by Linda Hirshman
My email box is full. Everyone I know has emailed me to ask me why they see a book advising women not to quit their jobs to stay home with their children just eleven months after I published my book advising women not to quit their jobs to stay home with their children, worse, the latter being reviewed as if I had never written a word. I take a deep breath. Anyone who has been in academic life knows how it feels to see ideas a lot like yours, the very currency of your citizenship in the community of scholars and writers, coming from somewhere else.
Still, certainly after 30 or more backlash years, the idea of revitalizing the original feminist insight into the rewards of public life for women was in the zeitgeist for anyone who looked to see. I'm also glad not to be the only one saying that women should aspire to work even if they have children. Just last year, a mommy blogger gathered all the mommy blog posts about my writing into a meta-analysis. She called it "Everybody Hates Linda." Now she'd have to call it "Everybody Hates Linda and Leslie." Pretty soon, I hope, there will be so many voices urging young women to stay at work that the stay-at-home moms will have to address the substance of the arguments rather than nattering on about how Leslie and I do our hair or the size of our waistlines. Obloquy loves company?
But in a reversal of Harold Bloom's famous formulation, I am anxious about the later influence. This second book of advice warned women, with almost 300 pages of harrowing examples, that their husbands will leave them or croak--and that is why they should spend most of their waking hours at the office. I hope people won't forget that "Get to Work" tried to offer women the carrot of aspiration to use your highest human capacities rather than use the stick of male infidelity. Granted, I reminded my readers that there is a virtue to independence and that good economic studies of marriage showed that the person who gets the gold does indeed legislate. But even [Everybody Hates] Linda would not counsel adult human beings to lay out their life paths out of fear that their meal tickets will fall in love with a youthful stranger.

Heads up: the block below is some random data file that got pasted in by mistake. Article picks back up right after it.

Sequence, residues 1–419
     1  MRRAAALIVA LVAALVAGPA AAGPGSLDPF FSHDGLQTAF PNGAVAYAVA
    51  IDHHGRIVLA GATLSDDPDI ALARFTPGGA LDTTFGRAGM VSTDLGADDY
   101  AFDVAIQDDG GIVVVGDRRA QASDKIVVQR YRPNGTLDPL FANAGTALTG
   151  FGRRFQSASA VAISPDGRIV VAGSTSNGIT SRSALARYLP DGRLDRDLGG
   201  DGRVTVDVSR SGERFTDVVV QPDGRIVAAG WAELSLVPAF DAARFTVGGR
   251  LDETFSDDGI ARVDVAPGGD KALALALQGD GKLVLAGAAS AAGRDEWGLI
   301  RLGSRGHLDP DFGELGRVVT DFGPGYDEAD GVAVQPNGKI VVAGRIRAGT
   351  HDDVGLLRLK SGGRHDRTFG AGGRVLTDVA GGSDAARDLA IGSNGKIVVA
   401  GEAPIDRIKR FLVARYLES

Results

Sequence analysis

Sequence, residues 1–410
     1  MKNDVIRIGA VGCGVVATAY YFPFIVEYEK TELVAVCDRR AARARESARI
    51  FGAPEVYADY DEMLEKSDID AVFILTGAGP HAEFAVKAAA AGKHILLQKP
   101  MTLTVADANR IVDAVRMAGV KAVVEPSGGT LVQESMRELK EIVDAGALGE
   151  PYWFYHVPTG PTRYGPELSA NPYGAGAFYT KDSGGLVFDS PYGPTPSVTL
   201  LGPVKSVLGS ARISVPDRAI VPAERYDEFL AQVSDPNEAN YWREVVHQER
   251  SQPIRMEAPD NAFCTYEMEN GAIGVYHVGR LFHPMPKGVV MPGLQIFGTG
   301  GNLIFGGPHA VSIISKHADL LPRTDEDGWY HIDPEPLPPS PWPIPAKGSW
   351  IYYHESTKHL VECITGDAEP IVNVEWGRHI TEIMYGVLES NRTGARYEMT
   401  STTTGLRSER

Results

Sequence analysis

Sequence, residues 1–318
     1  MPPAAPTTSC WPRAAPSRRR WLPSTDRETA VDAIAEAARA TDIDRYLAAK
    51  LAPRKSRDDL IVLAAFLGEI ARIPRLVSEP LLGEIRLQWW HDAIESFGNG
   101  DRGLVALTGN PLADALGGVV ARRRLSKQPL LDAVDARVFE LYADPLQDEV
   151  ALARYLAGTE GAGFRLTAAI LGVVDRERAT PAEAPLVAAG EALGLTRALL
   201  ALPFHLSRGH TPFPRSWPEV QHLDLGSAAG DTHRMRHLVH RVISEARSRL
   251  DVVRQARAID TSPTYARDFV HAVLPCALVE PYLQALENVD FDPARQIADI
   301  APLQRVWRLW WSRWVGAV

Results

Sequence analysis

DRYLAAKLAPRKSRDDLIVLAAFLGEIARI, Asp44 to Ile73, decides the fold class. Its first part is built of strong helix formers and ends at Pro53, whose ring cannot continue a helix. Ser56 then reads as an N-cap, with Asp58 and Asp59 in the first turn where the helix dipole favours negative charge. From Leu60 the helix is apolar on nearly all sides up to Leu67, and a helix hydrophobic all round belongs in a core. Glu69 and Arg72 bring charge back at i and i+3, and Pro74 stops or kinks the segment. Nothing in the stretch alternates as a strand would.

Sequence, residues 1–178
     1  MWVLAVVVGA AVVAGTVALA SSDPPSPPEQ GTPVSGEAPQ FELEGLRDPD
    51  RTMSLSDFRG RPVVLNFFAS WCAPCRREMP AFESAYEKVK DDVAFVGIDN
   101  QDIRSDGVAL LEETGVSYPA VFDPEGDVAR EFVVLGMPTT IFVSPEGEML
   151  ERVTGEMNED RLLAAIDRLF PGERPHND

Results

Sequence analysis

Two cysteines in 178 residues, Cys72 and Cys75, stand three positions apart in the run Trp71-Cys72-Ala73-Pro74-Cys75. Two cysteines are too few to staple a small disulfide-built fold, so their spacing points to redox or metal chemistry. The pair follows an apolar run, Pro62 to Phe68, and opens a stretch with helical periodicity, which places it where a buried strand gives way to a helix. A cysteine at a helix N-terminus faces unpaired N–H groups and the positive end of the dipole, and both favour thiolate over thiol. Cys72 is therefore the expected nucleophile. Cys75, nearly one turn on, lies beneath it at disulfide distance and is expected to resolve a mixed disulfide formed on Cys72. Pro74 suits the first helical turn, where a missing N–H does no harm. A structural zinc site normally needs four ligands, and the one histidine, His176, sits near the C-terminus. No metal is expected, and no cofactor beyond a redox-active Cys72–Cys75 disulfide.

Especially since divorce is not nearly as prevalent as the urban legend of a 50 percent rate. I cannot understand why this will not go the way of the tax on modems and other Internet hoaxes. The chief government divorce statistician, Rose Krieger, has said clearly that the prospect of divorce, never 50 percent, is now closer to 40 percent. And the women with the fastest growing opt out rate from the workplace--the married, high income, highly educated workers--are the least likely to experience divorce. Good statistics reveal that four years of college reduces the rate of divorce by a whopping 30 percent and having children after marriage rather than before reduces the rate still further.
For an educated middle-class woman with children divorce is the moderately small chance of a great harm, as my torts teacher Harry Kalven taught us to think about risk. It's a risk. But it's not Russian roulette, in which the gain from taking the chance is pretty close to nil. Middle-class women gambling that they won't be in the, say, 25 percent of middle-class marriages that end in divorce gain the leisure and luxury of living a bourgeois life without having to work in the market economy. They're not just pulling a trigger at their heads for the momentary thrill.
This dependent and privatized life is unworthy of their talents. In many ways, that's a much harsher message than predicting their husbands will leave them, because it applies to all of them, not just the unidentified 25 percent who might get dumped. But it comes from respect, not fear.